Animal imaging researcher wins award for contributions to oncology research
The International Society of Magnetic Resonance in Medicine awarded Natalie J. Serkova, PhD, the 2021 Senior Fellow Award for her work in animal imaging for oncology research.
“I was humbled and ecstatic to receive this award, which is from my alma mater — the International Society of Magnetic Resonance in Medicine, the largest and most prominent MRI society of which I was a member since my graduate work,” Serkova, director of the Animal Imaging Shared Resource at University of Colorado Cancer Center, said during an interview with Healio. “They supported me as a student with travel scholarships and free educational workshops. To receive this award means that my contributions really matter to the MRI world. It shows that our work is recognized by the some of the best imaging scientists and physicians in the world.”
The award recognizes her leadership in the field of preclinical MRI and her significant contributions to functional and molecular MRI in cancer, according to a press release.
Serkova spoke with Healio about the research that she has been conducting on animal imaging and the ways it contributes to oncology research, how she got into the field and where her career has taken her so far.
Healio: What led you to become involved in animal imaging and oncology research?
Serkova: Since high school, I was fascinated by the ability to see inside the brain with MRI and to do so quickly, reliably and without any intervention to see a tumor very early on — especially in children because who does not want to prevent and cure pediatric brain cancer? Also, a friend of mine was diagnosed with brain cancer as a child, and she underwent MRI and I was fascinated to see how sophisticated and noninvasive the technology was and how quickly the physician was able to follow-up on her diagnosis, as well as the success of her treatment. This is a great combination of science, physics and medicine.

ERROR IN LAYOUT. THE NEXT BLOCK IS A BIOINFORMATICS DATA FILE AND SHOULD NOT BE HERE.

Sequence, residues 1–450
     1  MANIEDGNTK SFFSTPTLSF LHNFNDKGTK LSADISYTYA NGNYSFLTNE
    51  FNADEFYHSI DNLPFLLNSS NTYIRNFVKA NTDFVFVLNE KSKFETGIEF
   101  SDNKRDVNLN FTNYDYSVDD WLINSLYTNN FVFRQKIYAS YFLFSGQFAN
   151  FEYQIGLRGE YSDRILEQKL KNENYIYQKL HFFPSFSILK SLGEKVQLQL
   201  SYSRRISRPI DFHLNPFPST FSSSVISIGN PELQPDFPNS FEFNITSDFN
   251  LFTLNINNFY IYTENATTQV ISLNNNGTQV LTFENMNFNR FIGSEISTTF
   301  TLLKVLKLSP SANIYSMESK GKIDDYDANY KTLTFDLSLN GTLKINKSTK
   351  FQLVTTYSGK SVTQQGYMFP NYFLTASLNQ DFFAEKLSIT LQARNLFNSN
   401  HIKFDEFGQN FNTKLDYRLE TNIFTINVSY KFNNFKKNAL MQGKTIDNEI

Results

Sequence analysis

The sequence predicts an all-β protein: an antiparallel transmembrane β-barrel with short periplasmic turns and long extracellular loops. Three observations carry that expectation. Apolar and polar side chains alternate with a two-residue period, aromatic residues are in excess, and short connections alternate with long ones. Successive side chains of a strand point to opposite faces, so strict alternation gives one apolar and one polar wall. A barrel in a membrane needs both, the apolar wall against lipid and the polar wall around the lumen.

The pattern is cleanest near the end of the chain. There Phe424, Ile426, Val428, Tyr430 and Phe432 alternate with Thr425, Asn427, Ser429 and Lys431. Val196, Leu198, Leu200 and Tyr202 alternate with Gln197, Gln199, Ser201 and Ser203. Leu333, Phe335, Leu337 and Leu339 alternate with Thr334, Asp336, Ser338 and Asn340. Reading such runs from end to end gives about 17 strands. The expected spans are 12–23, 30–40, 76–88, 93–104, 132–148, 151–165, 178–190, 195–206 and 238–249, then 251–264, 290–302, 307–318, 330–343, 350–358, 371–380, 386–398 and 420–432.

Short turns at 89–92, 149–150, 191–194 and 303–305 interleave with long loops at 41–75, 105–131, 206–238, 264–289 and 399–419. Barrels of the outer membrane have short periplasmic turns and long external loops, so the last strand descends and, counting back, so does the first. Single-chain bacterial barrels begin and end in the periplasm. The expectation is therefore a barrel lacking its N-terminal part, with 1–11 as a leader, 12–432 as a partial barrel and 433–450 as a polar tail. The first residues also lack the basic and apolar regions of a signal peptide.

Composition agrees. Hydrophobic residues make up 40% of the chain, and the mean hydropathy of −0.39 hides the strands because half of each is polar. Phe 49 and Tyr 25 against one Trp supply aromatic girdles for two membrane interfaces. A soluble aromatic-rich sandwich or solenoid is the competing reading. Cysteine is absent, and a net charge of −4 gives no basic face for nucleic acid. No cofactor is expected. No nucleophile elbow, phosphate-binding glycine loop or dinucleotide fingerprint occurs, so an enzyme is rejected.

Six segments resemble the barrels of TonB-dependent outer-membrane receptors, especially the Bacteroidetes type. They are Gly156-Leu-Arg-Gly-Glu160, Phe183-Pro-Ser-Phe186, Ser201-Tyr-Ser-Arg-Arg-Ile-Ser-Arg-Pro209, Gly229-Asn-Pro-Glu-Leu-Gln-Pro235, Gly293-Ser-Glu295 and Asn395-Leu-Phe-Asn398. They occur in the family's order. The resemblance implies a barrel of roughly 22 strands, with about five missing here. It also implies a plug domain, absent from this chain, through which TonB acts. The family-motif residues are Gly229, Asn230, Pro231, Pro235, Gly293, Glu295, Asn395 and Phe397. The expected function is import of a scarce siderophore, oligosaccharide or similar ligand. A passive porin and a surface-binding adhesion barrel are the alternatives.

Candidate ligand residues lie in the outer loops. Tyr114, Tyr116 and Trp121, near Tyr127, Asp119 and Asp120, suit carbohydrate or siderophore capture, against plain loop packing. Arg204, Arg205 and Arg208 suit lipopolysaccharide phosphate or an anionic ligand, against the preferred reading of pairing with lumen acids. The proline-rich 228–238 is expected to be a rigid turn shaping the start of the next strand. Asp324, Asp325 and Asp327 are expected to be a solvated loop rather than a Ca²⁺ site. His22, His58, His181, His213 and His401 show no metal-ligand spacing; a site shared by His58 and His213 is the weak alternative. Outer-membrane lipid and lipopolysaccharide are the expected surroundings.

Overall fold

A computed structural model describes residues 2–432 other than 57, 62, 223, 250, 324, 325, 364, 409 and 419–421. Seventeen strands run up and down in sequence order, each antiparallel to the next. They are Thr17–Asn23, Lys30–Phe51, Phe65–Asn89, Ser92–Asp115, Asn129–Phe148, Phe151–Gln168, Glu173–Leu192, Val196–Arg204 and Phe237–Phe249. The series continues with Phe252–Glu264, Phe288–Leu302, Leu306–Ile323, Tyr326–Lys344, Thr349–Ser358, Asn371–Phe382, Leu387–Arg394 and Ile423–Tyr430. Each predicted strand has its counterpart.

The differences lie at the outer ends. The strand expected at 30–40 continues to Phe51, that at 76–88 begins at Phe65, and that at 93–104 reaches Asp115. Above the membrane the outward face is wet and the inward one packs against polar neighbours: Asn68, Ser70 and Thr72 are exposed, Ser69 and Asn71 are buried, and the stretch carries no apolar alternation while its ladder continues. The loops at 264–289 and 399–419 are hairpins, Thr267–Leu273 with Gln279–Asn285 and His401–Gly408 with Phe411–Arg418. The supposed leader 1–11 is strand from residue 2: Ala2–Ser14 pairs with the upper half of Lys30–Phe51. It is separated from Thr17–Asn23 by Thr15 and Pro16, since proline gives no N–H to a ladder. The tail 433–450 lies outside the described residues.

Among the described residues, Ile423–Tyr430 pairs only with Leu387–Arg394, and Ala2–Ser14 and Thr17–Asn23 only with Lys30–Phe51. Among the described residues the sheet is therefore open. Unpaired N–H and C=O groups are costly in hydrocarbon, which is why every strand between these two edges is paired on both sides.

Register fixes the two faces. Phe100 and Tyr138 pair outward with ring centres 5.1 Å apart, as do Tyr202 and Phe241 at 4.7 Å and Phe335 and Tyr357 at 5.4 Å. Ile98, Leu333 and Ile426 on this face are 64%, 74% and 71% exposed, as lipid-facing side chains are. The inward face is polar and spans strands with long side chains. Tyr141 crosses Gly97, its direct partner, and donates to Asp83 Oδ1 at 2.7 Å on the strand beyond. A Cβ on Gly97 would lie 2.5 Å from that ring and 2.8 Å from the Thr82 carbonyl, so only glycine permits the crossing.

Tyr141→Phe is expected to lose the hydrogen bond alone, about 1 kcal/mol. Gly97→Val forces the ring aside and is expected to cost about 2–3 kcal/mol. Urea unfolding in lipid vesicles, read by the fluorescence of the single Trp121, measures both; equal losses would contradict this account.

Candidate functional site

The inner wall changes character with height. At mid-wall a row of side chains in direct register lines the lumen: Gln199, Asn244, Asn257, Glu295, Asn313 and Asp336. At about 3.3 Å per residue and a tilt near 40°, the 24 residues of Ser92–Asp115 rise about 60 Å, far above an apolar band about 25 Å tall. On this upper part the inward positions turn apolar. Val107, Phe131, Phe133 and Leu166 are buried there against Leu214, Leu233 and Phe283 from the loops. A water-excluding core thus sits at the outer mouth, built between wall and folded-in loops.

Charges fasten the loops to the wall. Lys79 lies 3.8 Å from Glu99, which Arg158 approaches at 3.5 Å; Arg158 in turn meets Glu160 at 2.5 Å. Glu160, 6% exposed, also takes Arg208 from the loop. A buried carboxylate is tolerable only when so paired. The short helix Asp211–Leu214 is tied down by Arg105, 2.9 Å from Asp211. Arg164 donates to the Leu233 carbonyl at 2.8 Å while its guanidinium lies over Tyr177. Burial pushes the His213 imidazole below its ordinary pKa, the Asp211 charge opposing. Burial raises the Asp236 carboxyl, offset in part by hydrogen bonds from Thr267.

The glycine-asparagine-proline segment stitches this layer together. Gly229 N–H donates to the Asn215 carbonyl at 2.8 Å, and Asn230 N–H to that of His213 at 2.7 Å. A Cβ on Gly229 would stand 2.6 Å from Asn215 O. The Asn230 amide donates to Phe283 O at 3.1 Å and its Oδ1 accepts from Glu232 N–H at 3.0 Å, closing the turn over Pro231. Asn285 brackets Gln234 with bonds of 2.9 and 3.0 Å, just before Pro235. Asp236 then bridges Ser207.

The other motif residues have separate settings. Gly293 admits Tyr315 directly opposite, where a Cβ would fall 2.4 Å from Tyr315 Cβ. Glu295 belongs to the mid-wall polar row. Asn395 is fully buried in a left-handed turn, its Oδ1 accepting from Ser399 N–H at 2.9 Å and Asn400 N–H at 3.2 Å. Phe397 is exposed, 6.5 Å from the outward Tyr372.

It is quite common to develop the technology first in animal models, depending upon the organ type. Most of the large imaging facilitates have preclinical animal imaging to help in developing the novel advanced imaging protocol to later translate into clinical human trials. Animal imaging was nonexistent at University of Colorado before I was recruited in 2003.
Healio: What has your career been like so far?
Serkova: My training has been in both human and animal imaging. I am so thankful to have the great mentors and colleagues that I have had in my education and training.
After my graduate training in one of the best MRI facilities in Germany, I completed my postdoctoral training at Stanford and University of California, San Francisco. I was then recruited to University of Colorado to build a preclinical animal imaging program similar to those at Stanford and UCSF. As of today, this mission has been successfully completed.
Healio: What is your ultimate hope for the research that you are conducting?
Serkova: My hope is that this research helps families and children with brain cancer by translating our advanced MRI diagnostics from animal models of disease to our pediatric patients. Also, I hope to make sure that all my colleagues in the Rocky Mountain region who conduct amazing cancer research have easy access to the most sophisticated imaging equipment here in Denver, Colorado. We will try and expand our research in animal imaging to other areas. It is important that all researchers in our surrounding areas collaborate and have access to this type of imaging technology for their research.
Healio: Is there anything else that you would like to mention?
Serkova: Although it is wonderful to have your own awards and achievements, it is important to recognize the team that helped you get those awards. Behind any great woman is a great team who supports and encourages her, and any achievement is even bigger if you share it with your team.
For more information:
Natalie Serkova, PhD, can be reached at email@example.com.